WASHINGTON, D.C. — Military Police Humvees were on the streets of downtown Washington, D.C. One drove down K Street, along Farragut Square. At least three were parked on corners of nearby blocks.
It was early, about 8:15, on September 12, 2001. Two M.P.s stood on the corner of Connecticut Avenue and L Street. One poured a sugar packet into his coffee cup while the other looked downtown, toward the national mall and the White House.
There were steady radio requests for blood donations Tuesday afternoon, so my girlfriend Carolee and I were walking to the Red Cross center at 1915 I Street, between 19th and 20th Streets. Neither of us had given blood before, and we weren’t sure whether we should’ve eaten a lot, or nothing, or normally beforehand. In the end, we ate normally.
At the corner of 19th and I Streets, an M.P. stood with his hands behind his back. He looked at the traffic, at the pedestrians, then downtown.
We arrived at 1915, entered the exterior door and found a sign that read:
Donate Today at
1730 E Street, N.W.
9:00 a.m. – 6:00 p.m.
We mulled outside and looked at our watches. Five people went into 1915 and read the sign while we discussed whether we had time to go to 1730 E Street, the Red Cross Headquarters, before work.
A large man in a baseball cap walked up to us. “Is this the place to give blood?” he asked. He hadn’t read the sign yet.
Carolee said, “No, there’s a sign that says go to 1730 E Street.”
The man said, “I was just there, and it’s not open.” He spoke loudly, but in a gentle way.
I told him that the sign said the other center wouldn’t open until 9:00.
He said, “Okay. I got a bunch of people with me, but that’s where we’re going then.” He walked off.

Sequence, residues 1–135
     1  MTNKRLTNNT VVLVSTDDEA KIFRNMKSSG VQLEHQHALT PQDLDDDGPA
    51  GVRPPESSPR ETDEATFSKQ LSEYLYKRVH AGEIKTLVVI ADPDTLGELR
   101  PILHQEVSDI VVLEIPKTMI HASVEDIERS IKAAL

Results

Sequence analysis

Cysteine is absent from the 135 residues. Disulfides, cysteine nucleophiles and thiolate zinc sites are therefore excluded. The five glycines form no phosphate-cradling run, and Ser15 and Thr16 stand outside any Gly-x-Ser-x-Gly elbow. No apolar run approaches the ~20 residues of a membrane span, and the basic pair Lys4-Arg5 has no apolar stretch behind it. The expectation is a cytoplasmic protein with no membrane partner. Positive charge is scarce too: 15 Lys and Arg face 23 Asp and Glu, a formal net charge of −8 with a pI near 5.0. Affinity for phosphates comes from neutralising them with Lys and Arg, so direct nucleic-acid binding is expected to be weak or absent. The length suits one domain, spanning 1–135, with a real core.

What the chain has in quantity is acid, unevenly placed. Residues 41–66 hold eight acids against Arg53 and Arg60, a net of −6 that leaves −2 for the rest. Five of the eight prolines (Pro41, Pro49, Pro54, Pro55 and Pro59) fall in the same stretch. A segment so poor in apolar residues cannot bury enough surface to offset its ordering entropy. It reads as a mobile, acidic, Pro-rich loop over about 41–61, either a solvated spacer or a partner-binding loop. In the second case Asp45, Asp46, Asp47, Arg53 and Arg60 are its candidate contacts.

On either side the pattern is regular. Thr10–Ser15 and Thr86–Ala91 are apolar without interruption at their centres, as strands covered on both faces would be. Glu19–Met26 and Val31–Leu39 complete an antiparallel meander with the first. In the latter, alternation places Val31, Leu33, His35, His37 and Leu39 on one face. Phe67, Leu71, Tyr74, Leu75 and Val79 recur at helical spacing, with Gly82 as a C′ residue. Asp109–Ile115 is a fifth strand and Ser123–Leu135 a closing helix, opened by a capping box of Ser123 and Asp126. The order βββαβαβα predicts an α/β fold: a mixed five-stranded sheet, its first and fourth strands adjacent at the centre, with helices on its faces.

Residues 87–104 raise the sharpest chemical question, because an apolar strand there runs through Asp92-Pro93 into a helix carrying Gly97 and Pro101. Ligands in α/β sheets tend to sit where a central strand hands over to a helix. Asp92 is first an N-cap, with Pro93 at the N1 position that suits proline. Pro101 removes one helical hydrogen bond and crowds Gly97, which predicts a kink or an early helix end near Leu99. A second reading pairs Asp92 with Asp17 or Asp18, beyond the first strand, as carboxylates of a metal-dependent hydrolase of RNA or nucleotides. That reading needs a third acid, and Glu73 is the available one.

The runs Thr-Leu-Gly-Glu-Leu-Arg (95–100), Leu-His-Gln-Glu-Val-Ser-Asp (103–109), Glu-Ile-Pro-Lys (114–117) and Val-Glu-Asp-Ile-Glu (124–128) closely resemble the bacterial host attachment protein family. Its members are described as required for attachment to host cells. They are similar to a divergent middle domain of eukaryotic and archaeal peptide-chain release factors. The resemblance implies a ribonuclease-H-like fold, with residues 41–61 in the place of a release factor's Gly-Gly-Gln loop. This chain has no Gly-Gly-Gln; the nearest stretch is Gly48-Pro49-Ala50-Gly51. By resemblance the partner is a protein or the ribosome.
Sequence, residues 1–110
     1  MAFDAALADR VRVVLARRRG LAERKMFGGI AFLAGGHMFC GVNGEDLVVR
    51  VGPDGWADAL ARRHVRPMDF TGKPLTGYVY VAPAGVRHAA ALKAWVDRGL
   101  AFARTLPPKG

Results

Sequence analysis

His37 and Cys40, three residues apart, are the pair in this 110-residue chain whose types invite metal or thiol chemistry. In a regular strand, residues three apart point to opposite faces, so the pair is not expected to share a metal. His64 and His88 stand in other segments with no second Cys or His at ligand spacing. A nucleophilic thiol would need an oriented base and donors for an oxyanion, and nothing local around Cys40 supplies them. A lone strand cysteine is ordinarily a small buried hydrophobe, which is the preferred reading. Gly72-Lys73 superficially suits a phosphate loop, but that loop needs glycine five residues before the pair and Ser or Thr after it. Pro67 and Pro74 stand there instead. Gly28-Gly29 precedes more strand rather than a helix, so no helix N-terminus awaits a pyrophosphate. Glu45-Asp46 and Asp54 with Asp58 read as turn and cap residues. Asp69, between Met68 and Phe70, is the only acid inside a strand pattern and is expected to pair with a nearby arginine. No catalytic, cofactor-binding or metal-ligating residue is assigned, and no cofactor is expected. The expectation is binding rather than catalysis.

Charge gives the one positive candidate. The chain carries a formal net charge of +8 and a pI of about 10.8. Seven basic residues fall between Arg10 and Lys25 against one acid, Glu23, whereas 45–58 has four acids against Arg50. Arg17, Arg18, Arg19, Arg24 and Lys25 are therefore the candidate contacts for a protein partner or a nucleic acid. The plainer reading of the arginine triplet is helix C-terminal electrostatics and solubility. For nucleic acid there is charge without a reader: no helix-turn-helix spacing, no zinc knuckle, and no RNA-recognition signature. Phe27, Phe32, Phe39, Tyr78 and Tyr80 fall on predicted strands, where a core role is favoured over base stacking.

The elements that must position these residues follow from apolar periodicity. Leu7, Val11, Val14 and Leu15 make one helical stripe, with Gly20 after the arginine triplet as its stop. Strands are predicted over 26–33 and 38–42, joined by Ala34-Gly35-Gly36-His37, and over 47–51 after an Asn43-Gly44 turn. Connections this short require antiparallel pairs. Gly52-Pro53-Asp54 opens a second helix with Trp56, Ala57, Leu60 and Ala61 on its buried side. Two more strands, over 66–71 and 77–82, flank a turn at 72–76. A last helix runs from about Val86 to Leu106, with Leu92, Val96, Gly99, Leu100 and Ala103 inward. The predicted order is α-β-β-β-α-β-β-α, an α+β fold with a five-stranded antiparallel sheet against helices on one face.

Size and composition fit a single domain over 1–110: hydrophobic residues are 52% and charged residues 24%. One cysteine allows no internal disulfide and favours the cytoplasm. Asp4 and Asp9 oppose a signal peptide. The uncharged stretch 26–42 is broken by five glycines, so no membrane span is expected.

“Do you have time to go?” I asked Carolee.
“No, let’s go after work.”
It was a good idea, so we planned to meet there after work.
Carolee walked one way along I Street. I walked two steps in the opposite direction when I saw the man we’d talked to. He sat in a black WKYS-FM van parked at the curb. A white minivan pulled up next to him.
They coordinated. The man said to whoever was in the white minivan, “No, this station says to go back to E Street. I’ll meet you there.”
As the white minivan accelerated away, the WKYS van stayed. A pedestrian yelled in the window, “Hey man, can I win some money today?” Whatever the man in the WKYS-FM van said made him laugh.
There were fewer pedestrians and cars near the White House than on most Wednesday mornings. Still, those pedestrians walked the sidewalks in business dress. Various laminated security badges hung on colorful bands around their necks. A First Serving van supplied food to homeless people near the corner of Pennsylvania and 18th. Despite the beautiful late-summer weather, only two people sat at two of a cafe’s fifteen outdoor tables. Directly across the street from the north side of the White House, a trumpet player played in Lafayette Square.